https://www.leap-project.co.uk

 

Pancreatic Cancer Scotland / Pancreatic Cancer Action

Although I am not a volunteer, I’m constantly inspired by the volunteers I meet through the work I do for pancreatic cancer charities. Pancreatic Cancer Scotland (PCS) was born in 2010 when a group of volunteers comprising patients, carers, nurses and doctors got together to share knowledge and take action in the fight against the disease. Ten years later PCS has made huge strides and merged with another pancreatic cancer charity joining forces and a combined effort to make the 2020s the decade of change for pancreatic cancer. I’ve heard so many inspirational stories and witnessed the great efforts people go to to support the cause. From sponsored football matches, charity balls, runs, cycles, walks, theatre shows, cake sales and all manner of creative ideas. It’s very humbling, and all their efforts really do make a difference. 

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Pancreatic Cancer Scotland (PCS)

Pancreatic Cancer Action (PCA)

Manorview Hotels & Leisure Group

The Manorview Group has a charity ethos embedded into its culture. In the past three years their team has donated over £100k to various good causes. I’ve been lucky to have been involved in their charity committee. I have seen the team’s efforts grow and I have witnessed many creative ideas, along with a genuine passion, caring, enthusiasm and willingness to help and make a difference for others. It’s been inspiring to watch this grow and become part of a company culture where people are encouraged to care for others. The team get involved in everything from fundraising, organising events, donating time and raising awareness for organisations such as Scottish Autism, LAMH (Lanarkshire Association for Mental Health), SAMH (Scottish Association for Mental Health), Achieve More and When You Wish Upon A Star.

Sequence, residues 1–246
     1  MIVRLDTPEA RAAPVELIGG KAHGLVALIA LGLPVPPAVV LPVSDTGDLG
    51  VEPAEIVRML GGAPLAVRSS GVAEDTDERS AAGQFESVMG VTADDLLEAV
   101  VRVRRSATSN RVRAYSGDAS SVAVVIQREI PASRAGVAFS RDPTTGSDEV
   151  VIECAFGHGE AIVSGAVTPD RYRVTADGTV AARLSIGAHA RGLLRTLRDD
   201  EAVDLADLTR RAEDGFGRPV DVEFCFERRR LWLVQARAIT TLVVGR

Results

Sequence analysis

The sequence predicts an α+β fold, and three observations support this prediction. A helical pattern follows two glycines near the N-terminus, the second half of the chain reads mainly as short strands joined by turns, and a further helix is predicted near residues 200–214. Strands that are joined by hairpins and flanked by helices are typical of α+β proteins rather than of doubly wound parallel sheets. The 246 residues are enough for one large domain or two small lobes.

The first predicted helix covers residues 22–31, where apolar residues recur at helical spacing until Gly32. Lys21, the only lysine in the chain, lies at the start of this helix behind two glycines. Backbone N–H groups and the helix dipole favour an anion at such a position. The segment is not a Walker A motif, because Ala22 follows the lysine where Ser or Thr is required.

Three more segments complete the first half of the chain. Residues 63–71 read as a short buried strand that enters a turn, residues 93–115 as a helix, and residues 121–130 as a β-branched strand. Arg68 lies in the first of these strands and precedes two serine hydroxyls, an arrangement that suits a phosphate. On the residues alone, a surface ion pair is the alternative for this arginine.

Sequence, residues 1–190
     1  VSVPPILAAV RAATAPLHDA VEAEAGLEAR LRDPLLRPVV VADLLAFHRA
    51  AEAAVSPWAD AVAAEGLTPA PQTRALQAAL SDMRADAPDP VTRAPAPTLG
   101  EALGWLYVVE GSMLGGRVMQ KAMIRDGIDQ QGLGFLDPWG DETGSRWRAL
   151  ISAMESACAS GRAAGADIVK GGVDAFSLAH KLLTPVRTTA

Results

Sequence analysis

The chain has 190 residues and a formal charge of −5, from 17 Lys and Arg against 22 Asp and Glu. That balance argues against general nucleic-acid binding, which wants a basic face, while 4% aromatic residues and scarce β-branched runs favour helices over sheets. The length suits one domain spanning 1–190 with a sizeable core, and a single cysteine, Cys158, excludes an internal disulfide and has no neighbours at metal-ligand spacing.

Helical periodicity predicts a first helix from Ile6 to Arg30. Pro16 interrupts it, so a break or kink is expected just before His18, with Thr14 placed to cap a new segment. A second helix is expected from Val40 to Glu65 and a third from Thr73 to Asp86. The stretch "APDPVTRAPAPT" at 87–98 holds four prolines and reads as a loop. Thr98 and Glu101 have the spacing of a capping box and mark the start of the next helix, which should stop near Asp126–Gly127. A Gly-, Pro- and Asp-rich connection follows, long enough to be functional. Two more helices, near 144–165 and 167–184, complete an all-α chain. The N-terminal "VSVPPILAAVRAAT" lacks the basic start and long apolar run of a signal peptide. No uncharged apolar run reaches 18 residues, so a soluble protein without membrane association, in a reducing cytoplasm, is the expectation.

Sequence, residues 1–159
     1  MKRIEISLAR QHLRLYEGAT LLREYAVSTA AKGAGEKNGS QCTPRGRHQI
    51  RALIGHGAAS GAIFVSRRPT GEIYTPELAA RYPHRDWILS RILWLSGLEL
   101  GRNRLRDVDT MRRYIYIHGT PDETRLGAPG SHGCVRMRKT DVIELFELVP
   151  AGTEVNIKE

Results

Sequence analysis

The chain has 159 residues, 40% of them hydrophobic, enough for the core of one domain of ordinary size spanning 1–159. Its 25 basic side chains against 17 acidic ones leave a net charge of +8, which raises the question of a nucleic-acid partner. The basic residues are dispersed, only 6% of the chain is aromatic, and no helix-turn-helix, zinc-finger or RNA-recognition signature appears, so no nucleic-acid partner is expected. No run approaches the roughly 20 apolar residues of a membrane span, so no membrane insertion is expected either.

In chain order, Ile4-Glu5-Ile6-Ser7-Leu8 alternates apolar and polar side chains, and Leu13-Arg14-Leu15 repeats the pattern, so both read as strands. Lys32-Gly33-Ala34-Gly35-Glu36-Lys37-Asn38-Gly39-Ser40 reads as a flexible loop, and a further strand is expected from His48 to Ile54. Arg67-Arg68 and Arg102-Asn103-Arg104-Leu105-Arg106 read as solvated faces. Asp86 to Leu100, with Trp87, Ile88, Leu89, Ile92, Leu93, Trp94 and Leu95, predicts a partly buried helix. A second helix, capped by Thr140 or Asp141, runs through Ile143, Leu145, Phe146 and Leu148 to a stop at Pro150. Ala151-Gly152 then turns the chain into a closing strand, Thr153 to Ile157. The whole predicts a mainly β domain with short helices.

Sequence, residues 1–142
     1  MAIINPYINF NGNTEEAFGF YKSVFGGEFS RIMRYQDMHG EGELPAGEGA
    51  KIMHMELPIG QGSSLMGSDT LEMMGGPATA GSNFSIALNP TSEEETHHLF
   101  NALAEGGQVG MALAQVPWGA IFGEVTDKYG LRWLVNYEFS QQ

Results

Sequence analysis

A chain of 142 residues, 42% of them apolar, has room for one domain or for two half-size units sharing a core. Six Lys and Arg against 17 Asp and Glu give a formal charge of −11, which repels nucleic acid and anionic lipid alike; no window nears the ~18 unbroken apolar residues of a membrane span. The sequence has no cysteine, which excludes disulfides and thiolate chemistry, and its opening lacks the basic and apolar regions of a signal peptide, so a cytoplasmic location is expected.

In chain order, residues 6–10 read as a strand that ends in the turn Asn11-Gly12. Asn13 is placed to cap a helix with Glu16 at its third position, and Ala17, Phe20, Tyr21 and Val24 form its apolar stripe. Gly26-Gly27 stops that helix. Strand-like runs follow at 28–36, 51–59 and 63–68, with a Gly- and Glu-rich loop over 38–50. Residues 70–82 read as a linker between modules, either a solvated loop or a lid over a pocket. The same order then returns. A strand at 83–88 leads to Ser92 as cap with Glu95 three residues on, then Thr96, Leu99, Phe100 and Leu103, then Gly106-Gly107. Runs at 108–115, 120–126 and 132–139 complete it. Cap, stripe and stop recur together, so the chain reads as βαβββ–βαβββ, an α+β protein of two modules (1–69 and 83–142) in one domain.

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Read Manorview’s Charity News

Glasgow Film Theatre (GFT)

The GFT is a Glasgow institution. Again, this lovely cinema is sadly affected by Covid. I’ve been a volunteer usher at the GFT. This means being there for people and ensuring everyone is safe and happy while at the cinema. It’s a lovely community, with loyal customers and a great team of volunteers. I hope it’s able to open again soon and when it’s safe to do so. 

https://glasgowfilm.org

2014 Commonwealth Games

The 2014 Commonwealth Games was a great time for the city of Glasgow. I volunteered at swimming at Tollcross where I was part of the press and media team. I met many lovely people and found myself hooked on a sport I knew virtually nothing about. 

Commonwealth Games

ChildLine

ChildLine is probably the organization that started my volunteering pathway. I was a volunteer telephone counsellor for a number of years, in the early 90s – before social media was a ‘thing’. I’m sure much has evolved in ChildLine during the years. They will have adapted to the many changes that technology has brought, its many advantages and also the disadvantages with increased risks and pressures on young people.

https://www.childline.org.uk

 

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The Railway People – Eva Kor & Raymond Meade, at the CCA, Glasgow – June 2017

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Eva Kor and Raymond Meade meeting in Krakow.                                                                                  Pic Credit – Mark Wilkinson for The Railway People